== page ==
Home>Feature>Catherine Cortez Masto rakes in Hollywood cash

Catherine Cortez Masto rakes in Hollywood cash

Actors, producers, hotel moguls, and the ex wife of Bruce Springsteen are supporters

By Megan Barth, October 12, 2021 6:30 am

Norman Lear speaks at TED2016, February, 2016, at the Vancouver Convention Center. (Photo: Bret Hartman / TED)

The polls are saying the expected 2022 US Senate matchup between incumbent Democrat Catherine Cortez Masto and Republican Adam Laxalt is too close to call. But there’s at least one area where Cortez Masto will likely dominate: money from Hollywood.

According to FEC filings, 151 donations from zip code 90210 have lined the campaign coffers of Senator Catherine Cortez Masto since 2016.

Among the 2016 donors:

Norman Lear, writer and producer of over 100 television shows. Lear, whose contributions to American culture cannot be overstated, is a progressive icon, whose shows All in the Family, Maude, Sanford and Son, One Day at a Time, Mary Hartman Mary Hartman, The Jeffersons, and Good Times reconfigured what could be expected from television, and his wife Lyn each gave Cortez Masto $1,500.

Marilyn Katzenberg looking a tad farbissina alongside husband Jeffrey Katzenberg at Tribeca Film Festival in 2010. (Photo by David Shankbone)

Dan and Karen Pritzker each gave $2700 max-out donations. The son of Jay Pritzker, Dan is an heir to the Hyatt Hotel chain and first cousin to the Democratic governor of Illinois J.B. Pritzker. Dan is also a musician and wrote and directed a well-regarded biopic about the pioneering cornetist Buddy Bolden, who basically invented the New Orleans variant of jazz.

Marilyn Katzenberg, wife of entertainment mogul Jeffrey Katzenberg, gave $2700.

Robert Gersh of The Gersh Agency gave a devilish $666.66.

Julianne Phillips was one of the successful most in-demand models of the 1980s. (That’s her in the .38 Special music video for “If I’d Been the One” and now you’ve got that song stuck in your head—you’re welcome). And she made the successful leap to acting, with an enduring  role as Francesca “Frankie” Reed on the NBC drama Sisters in the early 90s. But she’s probably best known for being the original Mrs. Springsteen, having married The Boss in 1985 at the height of his Born in the USA fame. And on top of all that, Ms. Phillips gave Sen. Cotez Masto several donations in 2020 topping out at $125 and some as small as $17.50.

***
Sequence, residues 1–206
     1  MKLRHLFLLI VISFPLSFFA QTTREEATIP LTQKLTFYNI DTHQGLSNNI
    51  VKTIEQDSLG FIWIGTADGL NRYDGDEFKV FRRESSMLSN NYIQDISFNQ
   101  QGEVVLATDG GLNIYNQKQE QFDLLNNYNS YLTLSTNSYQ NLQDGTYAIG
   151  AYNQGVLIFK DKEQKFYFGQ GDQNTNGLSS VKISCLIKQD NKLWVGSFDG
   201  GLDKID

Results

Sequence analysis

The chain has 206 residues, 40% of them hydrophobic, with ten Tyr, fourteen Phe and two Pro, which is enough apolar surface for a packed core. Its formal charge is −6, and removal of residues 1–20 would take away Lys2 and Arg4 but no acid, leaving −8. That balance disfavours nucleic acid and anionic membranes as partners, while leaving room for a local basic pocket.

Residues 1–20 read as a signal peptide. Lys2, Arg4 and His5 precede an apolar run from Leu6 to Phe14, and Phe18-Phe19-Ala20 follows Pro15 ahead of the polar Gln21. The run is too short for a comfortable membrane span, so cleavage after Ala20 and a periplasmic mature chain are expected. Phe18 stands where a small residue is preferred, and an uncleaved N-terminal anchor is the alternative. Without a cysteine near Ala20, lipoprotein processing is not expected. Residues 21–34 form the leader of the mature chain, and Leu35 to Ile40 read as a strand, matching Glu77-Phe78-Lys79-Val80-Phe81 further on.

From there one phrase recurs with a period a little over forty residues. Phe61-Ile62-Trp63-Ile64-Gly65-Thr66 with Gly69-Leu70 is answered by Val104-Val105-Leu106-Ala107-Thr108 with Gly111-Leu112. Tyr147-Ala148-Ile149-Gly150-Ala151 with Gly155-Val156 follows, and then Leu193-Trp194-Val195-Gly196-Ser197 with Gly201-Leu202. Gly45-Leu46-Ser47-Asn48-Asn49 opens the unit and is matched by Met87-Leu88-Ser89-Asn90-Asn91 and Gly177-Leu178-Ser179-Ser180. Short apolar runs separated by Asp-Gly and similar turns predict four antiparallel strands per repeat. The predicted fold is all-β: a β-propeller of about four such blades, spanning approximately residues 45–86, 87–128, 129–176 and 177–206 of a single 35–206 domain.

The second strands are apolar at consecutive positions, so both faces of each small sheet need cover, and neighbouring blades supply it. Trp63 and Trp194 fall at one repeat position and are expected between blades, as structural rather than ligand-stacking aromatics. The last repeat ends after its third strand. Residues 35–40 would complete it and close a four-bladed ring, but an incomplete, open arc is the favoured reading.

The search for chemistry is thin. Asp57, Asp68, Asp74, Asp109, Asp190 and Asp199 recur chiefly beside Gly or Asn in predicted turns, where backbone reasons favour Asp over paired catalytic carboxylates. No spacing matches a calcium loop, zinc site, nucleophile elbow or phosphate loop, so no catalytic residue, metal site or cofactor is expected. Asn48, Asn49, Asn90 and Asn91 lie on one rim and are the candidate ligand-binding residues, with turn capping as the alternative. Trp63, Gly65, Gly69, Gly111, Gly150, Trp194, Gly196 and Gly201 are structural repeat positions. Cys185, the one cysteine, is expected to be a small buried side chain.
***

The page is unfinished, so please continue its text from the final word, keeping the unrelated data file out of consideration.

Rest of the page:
Jeffrey and Laura Shell gave a total of $5000. He’s the CEO of NBCUniversal, a major hitter. Mrs. Shell is no slouch either; she worked for LA County in a nuber of roles, including as deputy to County Supervisor Zev Yaroslavsky. And the family’s reach in Democratic circles stretches far. Jeffrey’s sister is Dana Shell Smith, who served as the United States Ambassador to Qatar during the Obama Administration.

Milton and Rosemary Okun also maxed out with $2700 donations in September 2016. Milt founded of Cherry Lane Music, one of the largest independent music publishers, and also produced acts from John Denver to Peter, Paul and Mary. He also produced the Starland Vocal Band’s No. 1 hit, “Afternoon Delight” (and now you’ve got that one in your head, so you’re welcome again).

Julianne Phillips on the red carpet at the Emmys, Sept. 11, 1994. (Photo by Alan Light)

According to Open Secrets, Cortez Masto received almost 4/5 of her donations from out-of-state donors in the first three months of 2021: “Masto has raised $2.3 million in the first quarter of 2021. Out-of-state donors accounted for 79 percent of Cortez Masto’s total. The first-term senator is urging Facebook users in larger states like California and New York to ‘take action to fight GOP voter suppression’ by signing petitions that give Cortez Masto’s campaign the contact information of potential Democratic donors.”

As her Senate campaign kicks into gear, it is likely that Lear and other high-profile Hollywood donors will  again support her run for re-election, particularly because her re-election is necessary for Democrats to keep control of the Senate.

It is not unusual for candidates to have wealthy, out-of-state donors, of course. But Hollywood money brings a special glamor — and stigma — all its own. Nevada voters will either reject or be influenced by the influx of California cash. But that money comes with a price. If Laxalt tries to paint Cortez Masto as an out-of-touch pol whose values are more aligned with the Hollywood elite, his claims are now verified by the FEC.

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